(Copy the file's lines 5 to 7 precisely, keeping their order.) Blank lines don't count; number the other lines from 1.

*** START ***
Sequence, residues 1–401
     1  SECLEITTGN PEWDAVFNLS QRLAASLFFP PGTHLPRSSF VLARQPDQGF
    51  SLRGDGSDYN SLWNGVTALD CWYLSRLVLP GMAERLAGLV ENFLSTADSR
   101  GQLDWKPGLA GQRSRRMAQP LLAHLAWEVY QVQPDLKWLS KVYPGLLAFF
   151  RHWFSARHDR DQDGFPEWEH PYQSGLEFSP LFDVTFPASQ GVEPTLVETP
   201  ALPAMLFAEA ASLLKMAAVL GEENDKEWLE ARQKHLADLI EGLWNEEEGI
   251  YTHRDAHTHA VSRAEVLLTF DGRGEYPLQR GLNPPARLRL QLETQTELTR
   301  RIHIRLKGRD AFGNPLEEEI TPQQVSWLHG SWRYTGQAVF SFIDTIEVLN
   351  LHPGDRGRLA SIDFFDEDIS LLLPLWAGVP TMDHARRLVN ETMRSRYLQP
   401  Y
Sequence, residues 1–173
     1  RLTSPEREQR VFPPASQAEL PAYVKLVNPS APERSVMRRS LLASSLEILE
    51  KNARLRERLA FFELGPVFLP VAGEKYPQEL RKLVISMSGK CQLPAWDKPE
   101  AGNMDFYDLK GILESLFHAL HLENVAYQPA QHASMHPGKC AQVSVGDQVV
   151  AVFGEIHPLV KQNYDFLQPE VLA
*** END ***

   151  RHWFSARHDR DQDGFPEWEH PYQSGLEFSP LFDVTFPASQ GVEPTLVETP
   201  ALPAMLFAEA ASLLKMAAVL GEENDKEWLE ARQKHLADLI EGLWNEEEGI
   251  YTHRDAHTHA VSRAEVLLTF DGRGEYPLQR GLNPPARLRL QLETQTELTR